The mountainous jungle region around the Malaysia-Thailand border near where herpetologist Lee Grismer recently capture an elusive cave-dwelling gecko that is new to the world of science. Photo by Lee Grismer.
The mountainous jungle region around the Malaysia-Thailand border near where herpetologist Lee Grismer recently capture an elusive cave-dwelling gecko that is new to the world of science. Photo by Lee Grismer.

July 27, 2010
By Darla Martin Tucker

His mission was to find an elusive gecko in a jungle cave. The quest ultimately involved crawling army-style 60 feet below the ground and falling in total darkness into a pool of water.

But La Sierra University biologist Lee Grismer, in typical do-or-die fashion, was determined to complete the task earlier this month and return to the United States from the Malaysia-Thailand border with the sought after cave-dwelling gecko. It is potentially a brand new species and an animal that the world of science has never seen, until now. The mission included Grismer’s capture of one of the brightly colored, docile but deadly vipers that lie in wait near the cave to make a meal of small creatures, including possibly the small, brown cave geckos with big eyes.

Grismer returned to La Sierra on July 10 with both live animals -- a beautifully colored yellow, green and black viper and a chocolate brown, black-spotted gecko, which delivered a pair of eggs en route on the plane. He believes the geckos have made the jungle cave their permanent home and is very likely a new species.

The hypothesis will play out during tests of the gecko’s DNA against DNA from other gecko species outside the cave to determine its uniqueness and whether it is in the middle of transforming and adapting from its former forest environment to the cave environment. For example, tree-climbing geckos have stout limbs and stocky bodies with bumps while cave geckos typically have smooth skin, skinny bodies and long, spidery limbs for climbing vertical rock walls. The small, brown gecko Grismer captured has a thinner body than tree-climbers, smaller body nubs and a color pattern that appears to be in the process of muting. It’s a potentially exciting find for science. “This one’s right in the middle. I think we’ve caught this transitional phase while it’s happening,” Grismer said. “So often we don’t find these transitional forms alive.” He expects to complete the DNA tests by year’s end and publish his findings in a leading science journal.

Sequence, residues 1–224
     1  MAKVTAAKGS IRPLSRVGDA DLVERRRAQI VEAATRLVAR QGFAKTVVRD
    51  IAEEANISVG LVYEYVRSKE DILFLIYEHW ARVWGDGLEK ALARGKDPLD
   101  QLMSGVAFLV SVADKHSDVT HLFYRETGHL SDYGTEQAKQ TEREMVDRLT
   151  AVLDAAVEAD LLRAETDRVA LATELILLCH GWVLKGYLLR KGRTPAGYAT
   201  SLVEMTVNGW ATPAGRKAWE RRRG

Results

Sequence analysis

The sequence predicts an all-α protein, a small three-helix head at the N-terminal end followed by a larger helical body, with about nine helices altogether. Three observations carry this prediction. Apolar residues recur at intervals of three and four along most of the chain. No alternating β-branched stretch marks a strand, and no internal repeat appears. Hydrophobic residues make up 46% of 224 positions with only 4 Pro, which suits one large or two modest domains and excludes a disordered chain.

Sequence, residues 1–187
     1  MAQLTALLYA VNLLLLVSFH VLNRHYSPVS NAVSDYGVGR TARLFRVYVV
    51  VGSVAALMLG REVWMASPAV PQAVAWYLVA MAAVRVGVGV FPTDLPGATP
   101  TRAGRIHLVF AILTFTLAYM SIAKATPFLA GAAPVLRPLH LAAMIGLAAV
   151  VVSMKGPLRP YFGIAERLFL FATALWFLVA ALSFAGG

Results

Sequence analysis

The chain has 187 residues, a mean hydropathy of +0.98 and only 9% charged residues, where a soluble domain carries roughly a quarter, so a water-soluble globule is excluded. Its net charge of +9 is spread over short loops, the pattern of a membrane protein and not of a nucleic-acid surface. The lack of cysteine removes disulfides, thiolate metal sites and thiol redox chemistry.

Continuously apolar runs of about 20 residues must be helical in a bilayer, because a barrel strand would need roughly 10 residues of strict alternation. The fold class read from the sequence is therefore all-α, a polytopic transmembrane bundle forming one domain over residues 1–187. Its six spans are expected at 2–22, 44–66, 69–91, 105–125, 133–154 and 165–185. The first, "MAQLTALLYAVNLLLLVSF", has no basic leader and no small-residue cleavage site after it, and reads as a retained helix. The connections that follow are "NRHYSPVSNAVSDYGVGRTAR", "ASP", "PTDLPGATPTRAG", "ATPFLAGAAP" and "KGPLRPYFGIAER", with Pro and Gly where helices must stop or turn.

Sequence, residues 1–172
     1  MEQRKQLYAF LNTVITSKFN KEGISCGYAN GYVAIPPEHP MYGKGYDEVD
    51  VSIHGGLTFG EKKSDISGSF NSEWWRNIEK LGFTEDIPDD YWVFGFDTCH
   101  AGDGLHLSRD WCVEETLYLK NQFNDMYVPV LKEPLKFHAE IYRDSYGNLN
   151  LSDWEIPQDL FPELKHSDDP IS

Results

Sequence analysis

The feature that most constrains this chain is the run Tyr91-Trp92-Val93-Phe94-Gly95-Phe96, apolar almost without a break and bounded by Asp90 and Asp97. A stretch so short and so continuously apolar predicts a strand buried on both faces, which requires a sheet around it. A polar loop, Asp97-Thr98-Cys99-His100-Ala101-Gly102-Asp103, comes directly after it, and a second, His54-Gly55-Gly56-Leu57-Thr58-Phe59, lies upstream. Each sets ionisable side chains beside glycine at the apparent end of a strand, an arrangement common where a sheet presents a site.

Last month Grismer talked about his upcoming gecko-capturing adventure during a Charter Communications Local Edition news segment that aired the last week of June and first week of July following CNN Headline News. During the interview, Charter Local Edition host Brad Pomerance talked with the scientist about his lab’s wide-ranging research, his new discoveries, his views on conservation, and his planned trip to the remote limestone cave on top of the mountain. The five-minute segment included a live ‘visual aid’ – Grismer brought to the interview a 17-foot, Reticulated Python for Pomerance and viewers to see. The local edition broadcast invited him back to show the animals and talk about his adventures in capturing them. The BBC has also contacted him about the possibility of broadcasting a segment featuring his scientific work and jungle adventures.

On July 5, Grismer, with four Malaysian university students as guides, walked into the mouth of a limestone cave in a mountain range near the border of Malaysia and Thailand. They were greeted by the cave’s residents – flurries of bats and 10-inch-wide spiders. The group charted a meandering path through chambers and tunnels but after a third of a mile into the mountain they had not come across any geckos. Grismer was aggravated. Then his young guides suggested continuing the search by crawling through a small tunnel bedded with trickling water.

  • Last update on  October 03, 2010